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I am tying to generalize calling NSLog and avoid having to comment-out the calls when I am finished debugging.

I have:

#define USE_ADLog 0
#define USE_RPLog 0
#define USE_DLLog 1

void ConsoleADLog(NSString *message, ...);
void ConsoleRPLog(NSString *message, ...);
void ConsoleDLLog(NSString *message, ...);

and, for example:

void ConsoleADLog(NSString *message, ...) {

#if (USE_ADLog)
    va_list optionalArgs;

    va_start(optionalArgs, message);   // after the parm = message
    va_end(optionalArgs);

    NSLog(message, optionalArgs);
#endif
}

So far, so good ... however, as soon as I call, for example,:

   ConsoleDLLog(@"parm1 = %@, parm2 = %@", parm1, parm2);

which call is inside a secondary thread, I bomb. I thought?? that va_start, va_end were thread safe.

... or is the problem %@ ... I know %f works ???

Apparently not!, so how do I make them thread safe ... plain ole

NSLog(@"whatever %@", whateverParm)

works, but not the function above.

Thanks,

share|improve this question
    
Check this topic: stackoverflow.com/questions/969130/nslog-tips-and-tricks –  Michał Zygar Aug 25 '11 at 9:26
    
Several things I don't understand. Why are you releasing optionalArgs in va_end before using it? shouldn't you save it with something like msg = [[[NSString alloc] initWithFormat:message arguments:optionalArgs] autorelease]; va_end(optionalArgs); then NSLog the msg? Do you really want NSLog for the ASL? you could use fprintf instead. –  Jano Aug 25 '11 at 10:57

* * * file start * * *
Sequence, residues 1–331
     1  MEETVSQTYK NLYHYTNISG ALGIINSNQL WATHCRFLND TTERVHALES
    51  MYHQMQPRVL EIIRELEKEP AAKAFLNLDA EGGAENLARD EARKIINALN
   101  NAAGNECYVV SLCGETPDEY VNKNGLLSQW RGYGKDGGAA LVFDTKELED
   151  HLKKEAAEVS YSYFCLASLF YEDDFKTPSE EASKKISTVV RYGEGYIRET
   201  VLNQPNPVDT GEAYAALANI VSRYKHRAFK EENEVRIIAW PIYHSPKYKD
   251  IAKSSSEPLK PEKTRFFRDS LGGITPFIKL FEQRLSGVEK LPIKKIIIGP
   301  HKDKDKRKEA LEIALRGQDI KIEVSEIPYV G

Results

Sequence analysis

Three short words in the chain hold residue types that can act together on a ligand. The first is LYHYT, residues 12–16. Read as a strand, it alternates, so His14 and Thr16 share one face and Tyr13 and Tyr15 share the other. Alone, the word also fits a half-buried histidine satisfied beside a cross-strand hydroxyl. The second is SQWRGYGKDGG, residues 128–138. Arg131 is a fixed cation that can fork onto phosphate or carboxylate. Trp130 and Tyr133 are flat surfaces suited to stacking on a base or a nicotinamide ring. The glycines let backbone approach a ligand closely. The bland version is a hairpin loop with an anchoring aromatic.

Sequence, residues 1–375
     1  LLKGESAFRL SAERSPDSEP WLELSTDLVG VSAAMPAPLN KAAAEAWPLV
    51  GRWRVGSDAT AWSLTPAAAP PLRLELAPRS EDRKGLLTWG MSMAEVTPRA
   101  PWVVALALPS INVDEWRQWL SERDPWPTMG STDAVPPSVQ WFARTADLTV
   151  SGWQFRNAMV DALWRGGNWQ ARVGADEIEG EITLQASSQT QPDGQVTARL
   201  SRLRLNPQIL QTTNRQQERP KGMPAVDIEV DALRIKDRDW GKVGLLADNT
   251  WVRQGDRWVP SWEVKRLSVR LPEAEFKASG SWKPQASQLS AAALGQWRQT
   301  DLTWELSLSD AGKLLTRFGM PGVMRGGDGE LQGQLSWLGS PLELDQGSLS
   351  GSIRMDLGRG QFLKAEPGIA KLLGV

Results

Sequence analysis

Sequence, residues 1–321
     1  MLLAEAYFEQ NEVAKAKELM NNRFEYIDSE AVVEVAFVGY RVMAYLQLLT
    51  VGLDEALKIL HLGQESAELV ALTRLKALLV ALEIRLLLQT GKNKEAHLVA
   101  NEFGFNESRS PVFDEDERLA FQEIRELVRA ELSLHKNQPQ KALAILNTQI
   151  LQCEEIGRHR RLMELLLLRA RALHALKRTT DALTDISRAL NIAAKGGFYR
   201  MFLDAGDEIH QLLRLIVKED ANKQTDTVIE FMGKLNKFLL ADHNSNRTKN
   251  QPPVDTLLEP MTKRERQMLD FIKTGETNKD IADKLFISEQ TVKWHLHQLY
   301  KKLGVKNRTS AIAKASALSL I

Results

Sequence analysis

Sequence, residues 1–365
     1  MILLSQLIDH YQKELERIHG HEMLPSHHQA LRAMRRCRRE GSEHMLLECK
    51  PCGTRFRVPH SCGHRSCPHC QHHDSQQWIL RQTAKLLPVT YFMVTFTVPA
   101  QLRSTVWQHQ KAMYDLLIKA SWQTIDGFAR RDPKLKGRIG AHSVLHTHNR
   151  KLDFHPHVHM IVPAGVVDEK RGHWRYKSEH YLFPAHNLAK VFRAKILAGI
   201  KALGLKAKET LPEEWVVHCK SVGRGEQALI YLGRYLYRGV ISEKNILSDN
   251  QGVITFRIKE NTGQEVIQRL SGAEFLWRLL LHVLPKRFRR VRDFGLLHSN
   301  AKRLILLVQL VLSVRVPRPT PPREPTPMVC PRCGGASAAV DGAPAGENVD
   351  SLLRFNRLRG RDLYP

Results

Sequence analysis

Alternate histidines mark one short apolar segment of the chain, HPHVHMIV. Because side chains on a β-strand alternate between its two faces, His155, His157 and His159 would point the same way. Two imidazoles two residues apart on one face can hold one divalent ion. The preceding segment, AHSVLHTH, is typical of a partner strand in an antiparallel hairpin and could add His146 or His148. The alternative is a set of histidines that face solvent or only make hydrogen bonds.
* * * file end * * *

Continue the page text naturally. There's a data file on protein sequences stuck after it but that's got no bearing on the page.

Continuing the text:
2 Answers 2

#if DEBUG == 0
#define DebugLog(...)
#elif DEBUG == 1
#define DebugLog(...) NSLog(__VA_ARGS__)
#endif

Then invoke it using DebugLog(@"Uh oh: %@", someArgument);. If DEBUG is set to 1, the preprocessor will emit NSLog(@"Uh oh: %@", someArgument);. If it's set to 0, it will not emit anything.

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Forgive me because I just don't remember the specifics ... but, with Xcode 4 (not with 3) the line #define DebugLog(...) with an empty equivalent produced some sort of (extraterrestial) warning about something. Darn, I wish I could remember! –  John Love Aug 25 '11 at 10:23

this is why many variadic functions include variants which accept va_lists.

see NSLogv.

share|improve this answer
    
Amen ... used NSLogv(@"whatever %@, whateverParm) and all became good ... BUT, since NSLog just calls NSLogv, why doesn't using NSLog here work. I know that "Ours is not to reason why, etc. etc." ... but WHY? –  John Love Aug 25 '11 at 10:11
    
see QA in accepted answer here: stackoverflow.com/questions/3143906/… –  justin Aug 25 '11 at 10:16
    
Thanks, Justin ... The WHY? comes from Yuji "You can't. Once ... is converted to va_list, it can be only passed to a function or a method which accepts va_list, not to a function/method which accepts a variable number of parameters." –  John Love Aug 25 '11 at 10:20
    
vas are opaque and implementation defined. furthermore, va initialization operates uses local addresses - there is no explicit storage to specify (pass by argument to the function) a user defined address (e.g. the address of the external function's first argument in the valist). if you wanted to forward this info, you could do so by adding an argument to all your variadic functions, but that is more complex than adding va_list variants (imo). –  justin Aug 25 '11 at 15:02

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